kwackers
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Re: Unwise Undertake?

Postby kwackers » 3 Nov 2010, 10:42am

I think the message to less experienced cyclists watching that clip should be "don't do it".

If we want to discuss the merits/technicalities/complain about the lorry drivers lack of attention/the crapness of cycle lanes then it's a good clip.
But from a cyclists pov it's a blind undertake, you've no idea what's happening in front of the truck and as such it just isn't worth the risk.

mporter
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Re: Unwise Undertake?

Postby mporter » 3 Nov 2010, 11:36am

Re 2 way street.
I have a lot of respect for Paul Kitson who I suspect lies behind the ten tips and I think they offer sound general advice. However I do not always follow them. For instance I undertake lorries if I am in a buslane away from a junction and I do not cover the brakes if I am pulling on the bars to sprint down a dual carriageway with no discernible hazard ahead. As a cyclist I believe there is a balance between doing every last thing to guard against the risks presented by others and convenience. Different people may draw the line differently. However as a lawyer I would defend to the hilt the cyclist who is accused of contributory negligence where bad design and bad driving have got him/her into a accident. It appears to me self-evident that not following the ten tips is far short of carelessness (with the exception of course of lights at night).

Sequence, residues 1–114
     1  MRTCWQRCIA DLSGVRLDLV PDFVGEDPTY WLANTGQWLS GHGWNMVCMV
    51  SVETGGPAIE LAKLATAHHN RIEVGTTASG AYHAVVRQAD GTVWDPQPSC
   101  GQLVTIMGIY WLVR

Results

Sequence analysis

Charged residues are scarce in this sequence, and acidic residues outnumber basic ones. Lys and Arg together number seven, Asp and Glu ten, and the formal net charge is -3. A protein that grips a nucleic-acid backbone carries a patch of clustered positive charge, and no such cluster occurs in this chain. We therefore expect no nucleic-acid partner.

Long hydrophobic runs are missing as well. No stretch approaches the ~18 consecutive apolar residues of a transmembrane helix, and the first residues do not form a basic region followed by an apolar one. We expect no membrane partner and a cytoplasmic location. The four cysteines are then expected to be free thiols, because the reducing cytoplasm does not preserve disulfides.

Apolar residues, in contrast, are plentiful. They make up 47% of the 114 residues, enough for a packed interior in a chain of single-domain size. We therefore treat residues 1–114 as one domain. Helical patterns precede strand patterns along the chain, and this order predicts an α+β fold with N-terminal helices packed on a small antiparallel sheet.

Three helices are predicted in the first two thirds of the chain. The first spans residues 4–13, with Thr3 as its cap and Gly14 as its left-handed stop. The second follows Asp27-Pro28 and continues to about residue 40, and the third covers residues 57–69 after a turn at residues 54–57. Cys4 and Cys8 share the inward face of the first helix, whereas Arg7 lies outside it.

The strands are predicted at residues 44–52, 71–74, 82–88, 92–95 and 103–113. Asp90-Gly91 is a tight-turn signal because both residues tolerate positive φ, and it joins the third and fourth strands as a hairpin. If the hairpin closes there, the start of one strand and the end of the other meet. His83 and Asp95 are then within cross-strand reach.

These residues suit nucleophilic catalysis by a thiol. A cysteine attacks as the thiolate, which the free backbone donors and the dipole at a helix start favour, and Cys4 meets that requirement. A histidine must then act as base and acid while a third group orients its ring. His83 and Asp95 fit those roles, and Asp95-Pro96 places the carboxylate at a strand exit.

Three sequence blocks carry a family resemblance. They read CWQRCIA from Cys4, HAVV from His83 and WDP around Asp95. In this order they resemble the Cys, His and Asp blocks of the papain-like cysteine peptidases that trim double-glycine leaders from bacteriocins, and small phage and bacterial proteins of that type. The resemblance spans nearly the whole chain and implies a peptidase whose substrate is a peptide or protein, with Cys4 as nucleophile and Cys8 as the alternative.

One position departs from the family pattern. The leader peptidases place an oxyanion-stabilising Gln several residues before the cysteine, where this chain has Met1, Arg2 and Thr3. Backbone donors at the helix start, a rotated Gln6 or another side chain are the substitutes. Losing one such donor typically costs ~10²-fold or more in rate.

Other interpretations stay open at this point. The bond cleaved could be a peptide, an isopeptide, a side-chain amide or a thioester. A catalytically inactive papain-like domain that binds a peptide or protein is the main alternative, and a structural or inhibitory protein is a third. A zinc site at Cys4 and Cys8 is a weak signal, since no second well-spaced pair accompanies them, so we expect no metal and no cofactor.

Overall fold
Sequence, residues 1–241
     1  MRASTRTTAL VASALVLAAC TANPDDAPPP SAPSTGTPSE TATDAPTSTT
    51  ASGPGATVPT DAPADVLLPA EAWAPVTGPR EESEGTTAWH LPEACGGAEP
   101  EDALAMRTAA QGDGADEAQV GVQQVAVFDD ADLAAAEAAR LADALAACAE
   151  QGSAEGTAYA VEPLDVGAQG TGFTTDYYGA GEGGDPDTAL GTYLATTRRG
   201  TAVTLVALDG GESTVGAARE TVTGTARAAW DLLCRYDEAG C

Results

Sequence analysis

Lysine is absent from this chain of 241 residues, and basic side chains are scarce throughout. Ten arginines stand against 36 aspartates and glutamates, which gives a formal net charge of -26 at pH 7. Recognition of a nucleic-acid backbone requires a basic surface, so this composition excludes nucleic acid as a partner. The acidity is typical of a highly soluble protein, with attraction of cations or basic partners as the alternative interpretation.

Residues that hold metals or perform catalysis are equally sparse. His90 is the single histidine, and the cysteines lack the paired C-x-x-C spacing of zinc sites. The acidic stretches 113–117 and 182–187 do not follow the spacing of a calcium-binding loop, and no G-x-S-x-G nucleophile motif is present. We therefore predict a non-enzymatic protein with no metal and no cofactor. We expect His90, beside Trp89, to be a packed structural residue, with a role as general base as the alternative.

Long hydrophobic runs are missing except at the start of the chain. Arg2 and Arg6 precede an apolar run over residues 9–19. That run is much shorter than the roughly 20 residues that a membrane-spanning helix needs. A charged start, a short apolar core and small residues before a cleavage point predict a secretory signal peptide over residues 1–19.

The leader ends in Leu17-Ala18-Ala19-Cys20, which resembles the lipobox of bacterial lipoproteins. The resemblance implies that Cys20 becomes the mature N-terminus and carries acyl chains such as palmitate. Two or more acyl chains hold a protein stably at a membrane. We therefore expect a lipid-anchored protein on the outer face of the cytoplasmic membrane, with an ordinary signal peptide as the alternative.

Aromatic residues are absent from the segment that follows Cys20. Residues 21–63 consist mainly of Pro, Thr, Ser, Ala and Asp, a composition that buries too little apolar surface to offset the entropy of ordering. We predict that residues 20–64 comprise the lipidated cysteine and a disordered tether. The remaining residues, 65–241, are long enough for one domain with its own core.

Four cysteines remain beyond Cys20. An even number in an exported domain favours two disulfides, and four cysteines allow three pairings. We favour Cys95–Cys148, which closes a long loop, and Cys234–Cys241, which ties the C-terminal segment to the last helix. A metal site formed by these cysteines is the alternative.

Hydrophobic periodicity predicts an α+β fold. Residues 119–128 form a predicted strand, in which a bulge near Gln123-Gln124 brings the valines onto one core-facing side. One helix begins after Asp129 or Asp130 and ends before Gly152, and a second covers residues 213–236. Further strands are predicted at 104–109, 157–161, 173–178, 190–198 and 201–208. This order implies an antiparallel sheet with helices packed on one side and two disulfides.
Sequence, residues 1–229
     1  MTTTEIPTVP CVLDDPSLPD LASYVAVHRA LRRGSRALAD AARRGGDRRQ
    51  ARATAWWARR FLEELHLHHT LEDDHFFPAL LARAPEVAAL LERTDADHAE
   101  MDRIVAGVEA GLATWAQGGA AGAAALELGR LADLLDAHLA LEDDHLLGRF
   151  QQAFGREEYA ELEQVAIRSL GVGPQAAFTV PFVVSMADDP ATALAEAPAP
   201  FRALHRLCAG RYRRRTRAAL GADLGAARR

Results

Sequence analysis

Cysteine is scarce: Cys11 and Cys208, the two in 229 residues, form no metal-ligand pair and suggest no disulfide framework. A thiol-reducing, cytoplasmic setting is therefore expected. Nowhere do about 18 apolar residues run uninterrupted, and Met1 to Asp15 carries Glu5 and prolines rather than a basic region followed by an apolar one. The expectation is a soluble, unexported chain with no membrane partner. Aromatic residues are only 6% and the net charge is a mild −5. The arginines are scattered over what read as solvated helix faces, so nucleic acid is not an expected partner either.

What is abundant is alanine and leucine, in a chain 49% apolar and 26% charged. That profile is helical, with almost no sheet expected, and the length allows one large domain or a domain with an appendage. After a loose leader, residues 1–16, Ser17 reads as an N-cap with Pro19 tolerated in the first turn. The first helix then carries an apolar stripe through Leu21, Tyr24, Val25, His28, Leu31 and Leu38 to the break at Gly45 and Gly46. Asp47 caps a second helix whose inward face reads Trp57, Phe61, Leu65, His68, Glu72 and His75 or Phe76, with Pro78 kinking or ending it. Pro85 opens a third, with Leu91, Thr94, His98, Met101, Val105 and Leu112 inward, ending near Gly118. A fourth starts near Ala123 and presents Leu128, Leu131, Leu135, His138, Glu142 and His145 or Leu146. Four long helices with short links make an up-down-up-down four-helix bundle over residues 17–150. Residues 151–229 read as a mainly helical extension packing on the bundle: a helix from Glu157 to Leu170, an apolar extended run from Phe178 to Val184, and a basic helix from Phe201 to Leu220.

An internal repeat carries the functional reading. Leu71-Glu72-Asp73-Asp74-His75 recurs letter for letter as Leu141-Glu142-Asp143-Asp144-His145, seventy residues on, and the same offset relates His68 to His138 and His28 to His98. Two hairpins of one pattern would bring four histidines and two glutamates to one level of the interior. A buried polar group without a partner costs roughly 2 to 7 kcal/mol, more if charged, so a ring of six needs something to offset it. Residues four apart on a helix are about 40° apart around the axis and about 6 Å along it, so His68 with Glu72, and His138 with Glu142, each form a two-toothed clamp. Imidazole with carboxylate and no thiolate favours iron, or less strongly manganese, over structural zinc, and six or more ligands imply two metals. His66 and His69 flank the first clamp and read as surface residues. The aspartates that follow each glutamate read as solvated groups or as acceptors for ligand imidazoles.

I have spoken out in the past and will continue to speak out agsint blaming the victim.

Richard Mann
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Re: Unwise Undertake?

Postby Richard Mann » 3 Nov 2010, 11:51am

thirdcrank wrote:IMO a narrow cycle lane in a situation like this makes a cyclist's position impossible. If cyclists are not in it, many drivers, including the drivers of lorries and buses will 'discipline' them, with horn blowing at best, reckless overtaking at worst. If they are in it, then they will be even more likely to go unseen, or more often, ignored. In short, a narrow cycle lane stops cyclists from using an important safety tactic - riding in the primary position - just when it would be most useful. To put the brass knobs on, as others have pointed out, an advisory cycle lane doesn't even reserve the space for cyclists. They are a highwayman's solution - daylight robbery of roadspace from cyclists. :evil:


I've just seen a lorry overtake a couple of cyclists in the location I posted earlier. Exemplary behaviour by lorry. If you consistently squeeze the traffic, then it goes slower (20mph unless the situation is particularly clear), and goes really slowly (10mph) when faced with a combination of cyclist and refuge (and wouldn't have overtaken the fast-moving cyclist in the video in the first place, pretty much regardless of their positioning).